I think the Democrats have either topped out politically, or are on their way to a higher leadership. Howard Dean is close to a secure Democratic nomination. The liberal authors and satirists such as Molly Ivins and Al Franken are finally matching the right-wingers on the bestseller lists. Criticism of President Bush is becoming more pointed and hitting home, although the improving economy is bringing back Bush's characteristic hubris.
In Alaska, Eric Croft, an Anchorage Democrat, bullied out of closed Republican caucus doors, is riding the liberal anger wave by ballot initiatives and snappy lines to the press. Alaska's Democrats, it seems, are on their way to at least a few more seats in the state House and Senate, if not the big prize, the U.S. Senate seat now held by Lisa Murkowski.
There are two mistakes, I believe, the Democrats can make. One is shrillness: Croft telling the press that he wants to ensure his grandchildren always receive a Permanent Fund Dividend, without prudent budget considerations, is almost the same closed-mindedness we see out of Gov. Murkowski when he says he won't consider an income tax. Another mistake is what might be called all-political-thumbs, a sort of impassioned but stumbling style of political organization. The arguments during last year's session - such as the claim of the Longevity Bonus as a great economic boon, or the Democrat's refusal to make any commitment to a fiscal plan but universally disagreement with any proposal - I believe were easy to counter and telegraph, and shrug off.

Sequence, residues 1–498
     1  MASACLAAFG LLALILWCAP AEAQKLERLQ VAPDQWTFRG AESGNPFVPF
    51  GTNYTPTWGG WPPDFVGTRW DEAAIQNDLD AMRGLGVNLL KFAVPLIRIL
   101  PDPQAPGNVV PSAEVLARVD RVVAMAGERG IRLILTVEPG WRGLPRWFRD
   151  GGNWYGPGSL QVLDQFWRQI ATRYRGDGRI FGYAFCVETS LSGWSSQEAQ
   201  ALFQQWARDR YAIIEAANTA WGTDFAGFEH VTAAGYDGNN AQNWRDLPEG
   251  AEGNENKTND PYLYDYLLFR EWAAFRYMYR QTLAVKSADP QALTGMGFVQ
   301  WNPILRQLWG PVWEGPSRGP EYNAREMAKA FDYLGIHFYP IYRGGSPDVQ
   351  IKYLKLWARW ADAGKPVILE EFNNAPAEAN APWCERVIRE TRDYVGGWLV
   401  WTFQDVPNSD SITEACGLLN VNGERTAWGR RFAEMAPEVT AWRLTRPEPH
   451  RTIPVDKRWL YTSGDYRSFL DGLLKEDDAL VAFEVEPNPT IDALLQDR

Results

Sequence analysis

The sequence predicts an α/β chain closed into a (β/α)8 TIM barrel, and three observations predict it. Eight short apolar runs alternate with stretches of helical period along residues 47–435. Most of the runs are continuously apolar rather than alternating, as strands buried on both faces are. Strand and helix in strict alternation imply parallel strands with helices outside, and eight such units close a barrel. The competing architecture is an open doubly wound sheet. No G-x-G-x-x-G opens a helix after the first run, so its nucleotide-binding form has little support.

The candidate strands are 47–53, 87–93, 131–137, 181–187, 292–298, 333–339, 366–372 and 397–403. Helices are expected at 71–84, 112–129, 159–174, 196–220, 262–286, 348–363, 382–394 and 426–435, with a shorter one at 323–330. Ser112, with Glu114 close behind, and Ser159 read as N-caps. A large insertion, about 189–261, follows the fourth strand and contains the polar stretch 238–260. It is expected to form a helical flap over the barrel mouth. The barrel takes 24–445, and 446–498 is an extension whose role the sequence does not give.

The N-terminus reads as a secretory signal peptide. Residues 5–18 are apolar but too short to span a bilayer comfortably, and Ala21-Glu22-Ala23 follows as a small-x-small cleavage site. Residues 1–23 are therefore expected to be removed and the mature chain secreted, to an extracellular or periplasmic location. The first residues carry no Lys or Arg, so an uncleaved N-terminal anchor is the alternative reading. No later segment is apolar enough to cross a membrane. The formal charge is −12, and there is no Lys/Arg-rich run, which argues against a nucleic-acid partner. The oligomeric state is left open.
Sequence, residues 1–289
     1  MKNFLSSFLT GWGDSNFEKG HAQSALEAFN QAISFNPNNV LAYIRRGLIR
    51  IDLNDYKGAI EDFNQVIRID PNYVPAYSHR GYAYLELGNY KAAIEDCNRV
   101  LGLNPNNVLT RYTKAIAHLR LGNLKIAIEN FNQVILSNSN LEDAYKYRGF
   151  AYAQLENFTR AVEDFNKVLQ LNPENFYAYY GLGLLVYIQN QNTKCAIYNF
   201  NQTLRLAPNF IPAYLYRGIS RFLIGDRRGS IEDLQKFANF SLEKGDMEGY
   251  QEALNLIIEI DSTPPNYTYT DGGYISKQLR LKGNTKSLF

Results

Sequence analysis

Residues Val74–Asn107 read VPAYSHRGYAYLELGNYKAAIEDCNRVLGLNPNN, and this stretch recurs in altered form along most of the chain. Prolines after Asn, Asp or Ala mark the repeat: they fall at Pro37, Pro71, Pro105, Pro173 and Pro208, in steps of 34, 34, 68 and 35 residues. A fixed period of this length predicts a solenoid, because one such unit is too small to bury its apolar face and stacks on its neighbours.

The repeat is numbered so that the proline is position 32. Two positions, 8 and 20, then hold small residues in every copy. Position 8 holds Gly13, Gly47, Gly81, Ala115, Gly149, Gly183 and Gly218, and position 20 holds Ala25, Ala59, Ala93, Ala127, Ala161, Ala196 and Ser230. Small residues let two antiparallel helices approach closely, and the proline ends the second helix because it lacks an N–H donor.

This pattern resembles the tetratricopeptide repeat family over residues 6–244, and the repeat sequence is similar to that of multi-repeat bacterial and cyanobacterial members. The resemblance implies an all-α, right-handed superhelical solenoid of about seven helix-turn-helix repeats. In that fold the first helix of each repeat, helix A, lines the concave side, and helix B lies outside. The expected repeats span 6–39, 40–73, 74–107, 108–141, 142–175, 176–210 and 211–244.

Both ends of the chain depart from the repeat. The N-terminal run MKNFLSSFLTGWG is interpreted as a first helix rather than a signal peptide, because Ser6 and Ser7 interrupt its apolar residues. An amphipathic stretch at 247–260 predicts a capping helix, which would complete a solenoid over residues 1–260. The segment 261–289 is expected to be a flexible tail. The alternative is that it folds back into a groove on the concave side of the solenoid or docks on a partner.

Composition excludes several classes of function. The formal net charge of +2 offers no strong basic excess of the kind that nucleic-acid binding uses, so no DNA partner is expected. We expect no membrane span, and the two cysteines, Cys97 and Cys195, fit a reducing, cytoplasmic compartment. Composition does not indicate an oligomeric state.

I've been fighting in my mind for a while now whether the Longevity Bonus cut was a good idea or not. Surely, I thought, Murkowski's cut couldn't have meant he hates seniors and some seniors probably did depend on the extra cash. What struck me, though, was the degree of entitlement we see in the spokespeople on the senior's side. There was no willingness to compromise, to pay only the needy seniors. This seemed to discount the argument that some seniors needed it and that it was essential. Also, there was grumbling that the cut meant that Murkowski was bent on only serving "special interests." What's missing from that argument, I believe, is that seniors are among the largest "special interest" in the nation.
There has long been talk about the upcoming retirement wave of Baby Boomers, and the subsequent lump the economy and government would take, with heavy Social Security and health care payouts. Indeed, seniors are a huge share of government subsidy, with growth booming in even the neo-conservative Bush presidency after the passage of the prescription drug benefit in Medicare.
These payouts are social experiments that, for the most part, have been helpful. But I believe government payout should not discount prudent retirement savings, family care and fiscal responsibility. Before and, still now, families would take care of their own. Can a lonely government check ever match the graciousness of family?
It's been said that every American generation passes a better life to the next generation. Is this still possible with a huge debt load, limited post-college options and other fiscal obstacles now facing our young people?
Maybe I am terribly ignorant in some areas. But I admit it: I vote mostly Democratic. As a Democrat I want to think independently, yet find a community to share dialogue and tackle hard questions. In the upcoming legislative session we must ask hard questions, the least of which is: How can the Democratic party stay relevant?
Ishmael Hope is a student from Juneau.
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